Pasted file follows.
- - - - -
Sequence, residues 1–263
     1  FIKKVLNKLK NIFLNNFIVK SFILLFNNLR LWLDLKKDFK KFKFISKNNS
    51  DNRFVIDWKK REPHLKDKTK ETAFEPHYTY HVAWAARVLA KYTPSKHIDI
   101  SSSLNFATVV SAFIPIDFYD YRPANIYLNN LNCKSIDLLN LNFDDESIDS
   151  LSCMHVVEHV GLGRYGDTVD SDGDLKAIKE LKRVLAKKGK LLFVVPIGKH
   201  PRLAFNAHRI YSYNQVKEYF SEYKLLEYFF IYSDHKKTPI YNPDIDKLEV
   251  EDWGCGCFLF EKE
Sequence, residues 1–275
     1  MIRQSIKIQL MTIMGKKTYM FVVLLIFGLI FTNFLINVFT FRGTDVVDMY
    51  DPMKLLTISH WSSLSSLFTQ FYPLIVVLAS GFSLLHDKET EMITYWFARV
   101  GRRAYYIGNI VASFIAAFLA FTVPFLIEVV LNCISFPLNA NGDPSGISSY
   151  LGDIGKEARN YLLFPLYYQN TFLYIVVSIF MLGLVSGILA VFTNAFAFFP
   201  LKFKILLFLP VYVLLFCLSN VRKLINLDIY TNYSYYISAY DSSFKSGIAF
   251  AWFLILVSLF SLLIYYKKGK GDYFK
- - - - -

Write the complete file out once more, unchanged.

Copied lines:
Sequence, residues 1–263
     1  FIKKVLNKLK NIFLNNFIVK SFILLFNNLR LWLDLKKDFK KFKFISKNNS
    51  DNRFVIDWKK REPHLKDKTK ETAFEPHYTY HVAWAARVLA KYTPSKHIDI
   101  SSSLNFATVV SAFIPIDFYD YRPANIYLNN LNCKSIDLLN LNFDDESIDS
   151  LSCMHVVEHV GLGRYGDTVD SDGDLKAIKE LKRVLAKKGK LLFVVPIGKH
   201  PRLAFNAHRI YSYNQVKEYF SEYKLLEYFF IYSDHKKTPI YNPDIDKLEV
   251  EDWGCGCFLF EKE
Sequence, residues 1–275
     1  MIRQSIKIQL MTIMGKKTYM FVVLLIFGLI FTNFLINVFT FRGTDVVDMY
    51  DPMKLLTISH WSSLSSLFTQ FYPLIVVLAS GFSLLHDKET EMITYWFARV
   101  GRRAYYIGNI VASFIAAFLA FTVPFLIEVV LNCISFPLNA NGDPSGISSY
   151  LGDIGKEARN YLLFPLYYQN TFLYIVVSIF MLGLVSGILA VFTNAFAFFP
   201  LKFKILLFLP VYVLLFCLSN VRKLINLDIY TNYSYYISAY DSSFKSGIAF
   251  AWFLILVSLF SLLIYYKKGK GDYFK